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The emotions of options trading

The emotions of options trading

Australia has just recently become the home of a lot of technological advances. It is seen in many IT and technology companies that have decided to establish themselves here. It’s not surprising that Australia would also be an options trading hub.

The reason for this can be traced back to some economic conditions in Australia: most notably high unemployment and trade deficits. These economic conditions placed restrictions on investments made by Australians, which was what prompted many of them to look towards other options such as investing through options trading platforms online. And so, we ended up with a large market (and growing) for such wares. You find more about this on this site.

Of course, there are still some risks involved in such activities; it doesn’t matter what you’re doing, it’s impossible to be risk-free. However, the risks involved in options trading are straightforward to understand and were outlined by our country’s own Reserve Bank of Australia (RBA).

The RBA quickly points out that while there is nothing wrong with options trading per se, you should never use more than you can afford to lose. If you do want to put your money into options trading, make sure not to invest more than 5% of your total wealth; any less than this will mean that emotions would cloud your decision-making process.

Excitement

There’s no denying the rush that many options traders feel when they get an offer through their platform. The number of different assets available for trading is also relatively high, with individual traders capable of spreading out their risk by diversifying their portfolios. This sense of power can be exhilarating, but it can also lead to overconfidence in your abilities to assess the market and make decisions regarding your trades.

Greed

Greed is another emotion that options traders are all too familiar with. It manifests itself in thoughts like “I’m sure I’ll make more money if I try this other tactic” or “This stock will go up further”. When you start having thoughts like these, it’s best to remind yourself that the money involved is tangible.

Fear

Not all options trading emotions are positive, of course. Many traders say that fear is the most dominant emotion they experience. It may manifest itself as not being able to bear the thought of stocks moving against your position or even panicking at any time during your trade. Sometimes, you’ll find yourself stuck with a losing trade because of this – but if you manage to overcome these feelings, it can be just as rewarding as any other successful trade.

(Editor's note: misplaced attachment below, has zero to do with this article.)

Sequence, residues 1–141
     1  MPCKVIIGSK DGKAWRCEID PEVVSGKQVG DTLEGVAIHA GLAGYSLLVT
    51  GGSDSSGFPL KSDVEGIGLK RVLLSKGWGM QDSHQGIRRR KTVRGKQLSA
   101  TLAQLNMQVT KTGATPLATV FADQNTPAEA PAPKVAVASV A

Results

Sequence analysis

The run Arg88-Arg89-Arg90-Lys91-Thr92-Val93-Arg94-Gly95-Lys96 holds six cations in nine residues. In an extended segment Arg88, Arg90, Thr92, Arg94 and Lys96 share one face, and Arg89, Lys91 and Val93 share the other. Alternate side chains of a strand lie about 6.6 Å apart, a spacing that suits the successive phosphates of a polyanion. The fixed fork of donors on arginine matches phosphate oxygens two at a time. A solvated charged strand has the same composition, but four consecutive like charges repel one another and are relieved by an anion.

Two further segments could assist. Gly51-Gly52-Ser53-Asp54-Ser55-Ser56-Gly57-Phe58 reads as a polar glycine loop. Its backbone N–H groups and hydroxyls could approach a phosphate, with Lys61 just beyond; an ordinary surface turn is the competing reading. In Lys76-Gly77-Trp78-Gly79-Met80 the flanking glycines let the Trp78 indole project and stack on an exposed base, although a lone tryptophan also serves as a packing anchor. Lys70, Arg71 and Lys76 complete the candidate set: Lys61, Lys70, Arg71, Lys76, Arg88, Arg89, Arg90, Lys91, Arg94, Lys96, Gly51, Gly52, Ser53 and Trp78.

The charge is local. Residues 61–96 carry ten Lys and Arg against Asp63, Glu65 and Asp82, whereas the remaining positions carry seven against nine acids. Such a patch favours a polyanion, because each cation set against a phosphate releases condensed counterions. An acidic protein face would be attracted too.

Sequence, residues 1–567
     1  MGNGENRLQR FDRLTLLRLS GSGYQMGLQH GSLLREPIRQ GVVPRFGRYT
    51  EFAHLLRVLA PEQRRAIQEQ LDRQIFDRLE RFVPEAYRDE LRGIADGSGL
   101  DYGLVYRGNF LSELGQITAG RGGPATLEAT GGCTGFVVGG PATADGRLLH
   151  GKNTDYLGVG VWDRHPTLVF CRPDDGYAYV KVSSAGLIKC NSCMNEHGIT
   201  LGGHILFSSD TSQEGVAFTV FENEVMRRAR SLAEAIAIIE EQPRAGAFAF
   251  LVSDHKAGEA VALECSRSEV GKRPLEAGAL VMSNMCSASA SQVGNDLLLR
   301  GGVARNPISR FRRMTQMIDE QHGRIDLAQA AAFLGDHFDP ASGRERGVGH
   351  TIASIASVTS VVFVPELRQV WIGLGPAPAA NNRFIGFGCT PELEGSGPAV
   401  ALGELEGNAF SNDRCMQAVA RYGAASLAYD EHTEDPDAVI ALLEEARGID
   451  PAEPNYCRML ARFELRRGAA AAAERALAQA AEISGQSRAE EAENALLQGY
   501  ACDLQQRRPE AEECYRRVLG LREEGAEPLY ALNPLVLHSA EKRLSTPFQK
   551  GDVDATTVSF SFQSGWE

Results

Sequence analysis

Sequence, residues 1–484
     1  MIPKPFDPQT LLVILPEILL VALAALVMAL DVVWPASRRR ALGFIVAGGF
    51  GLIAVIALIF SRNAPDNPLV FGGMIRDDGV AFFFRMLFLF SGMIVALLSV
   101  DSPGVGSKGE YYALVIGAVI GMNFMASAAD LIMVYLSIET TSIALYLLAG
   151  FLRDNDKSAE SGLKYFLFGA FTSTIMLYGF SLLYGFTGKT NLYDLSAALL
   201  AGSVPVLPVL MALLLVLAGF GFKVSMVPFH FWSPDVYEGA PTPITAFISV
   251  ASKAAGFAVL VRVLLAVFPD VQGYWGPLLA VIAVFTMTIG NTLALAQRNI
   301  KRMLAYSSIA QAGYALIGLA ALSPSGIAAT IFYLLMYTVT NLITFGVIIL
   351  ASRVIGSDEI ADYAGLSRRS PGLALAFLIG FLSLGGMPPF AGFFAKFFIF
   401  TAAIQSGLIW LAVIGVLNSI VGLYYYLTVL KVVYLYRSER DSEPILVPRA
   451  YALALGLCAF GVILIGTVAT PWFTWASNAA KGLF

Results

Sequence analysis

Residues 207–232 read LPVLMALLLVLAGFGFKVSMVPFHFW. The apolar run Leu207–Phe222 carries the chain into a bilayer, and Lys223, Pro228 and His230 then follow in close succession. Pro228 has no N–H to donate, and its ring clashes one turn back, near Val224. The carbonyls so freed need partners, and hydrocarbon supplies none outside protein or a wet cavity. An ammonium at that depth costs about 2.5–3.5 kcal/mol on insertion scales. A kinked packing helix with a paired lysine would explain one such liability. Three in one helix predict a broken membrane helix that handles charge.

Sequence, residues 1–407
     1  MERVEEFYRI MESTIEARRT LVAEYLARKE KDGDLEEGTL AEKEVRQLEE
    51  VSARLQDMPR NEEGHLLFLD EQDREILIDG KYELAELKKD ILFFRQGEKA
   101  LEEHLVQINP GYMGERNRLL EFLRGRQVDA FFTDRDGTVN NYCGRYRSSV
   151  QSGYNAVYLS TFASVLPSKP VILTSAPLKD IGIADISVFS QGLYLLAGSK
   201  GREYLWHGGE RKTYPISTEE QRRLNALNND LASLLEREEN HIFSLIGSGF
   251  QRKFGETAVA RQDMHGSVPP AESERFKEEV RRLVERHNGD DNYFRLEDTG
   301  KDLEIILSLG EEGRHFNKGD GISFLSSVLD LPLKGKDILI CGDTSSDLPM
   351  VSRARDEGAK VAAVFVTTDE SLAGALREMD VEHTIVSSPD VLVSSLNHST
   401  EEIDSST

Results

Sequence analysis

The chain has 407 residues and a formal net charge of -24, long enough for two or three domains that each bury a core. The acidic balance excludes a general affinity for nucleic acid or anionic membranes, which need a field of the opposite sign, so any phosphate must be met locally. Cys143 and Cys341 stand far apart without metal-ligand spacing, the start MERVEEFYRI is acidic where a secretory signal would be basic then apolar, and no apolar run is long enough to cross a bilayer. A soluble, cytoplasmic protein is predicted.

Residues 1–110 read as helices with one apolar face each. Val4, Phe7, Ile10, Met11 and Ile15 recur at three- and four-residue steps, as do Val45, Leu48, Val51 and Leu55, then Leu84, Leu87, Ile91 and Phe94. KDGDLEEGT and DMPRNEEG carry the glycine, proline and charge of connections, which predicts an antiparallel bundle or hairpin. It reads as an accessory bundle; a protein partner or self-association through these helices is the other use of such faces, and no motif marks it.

Anger

Even more dangerous than fear is anger. When you think the odds are against you after making an informed decision, getting angry won’t help, but it still happens anyway. And when you decide to give up on trades before they’ve finished, you’d better be prepared to face the consequences.

Disgust

The last emotion that’s worth exploring is disgust. Quite often, new options traders will find themselves regretting their decisions after a trade affects them in some way. If it happens too much, you’ll likely stop making trades altogether – which does no one any good. You have to suffer a bit of pain if you want to get ahead in this business – but if your pockets aren’t deep enough for that, then better quit while you’re ahead.

Pride

You mustn’t lose hope if you have a bad patch in options trading. Sometimes well-informed decisions still go wrong, which is why traders must take a step back and re-assess the situation before making any rash moves. This is where motivation comes in – knowing what you’ve done wrong can help you prepare for future trades and keep your motivation levels high.

Disbelief

There’s no point in following the herd when it comes to options trading – but you don’t want to stray too far from them either. It can be hard to stand by while everyone else makes money, but it’s important not to make rash decisions based on feelings of disbelief or envy. If you feel this way, remember that there is enough money for everyone; all it takes is some patience.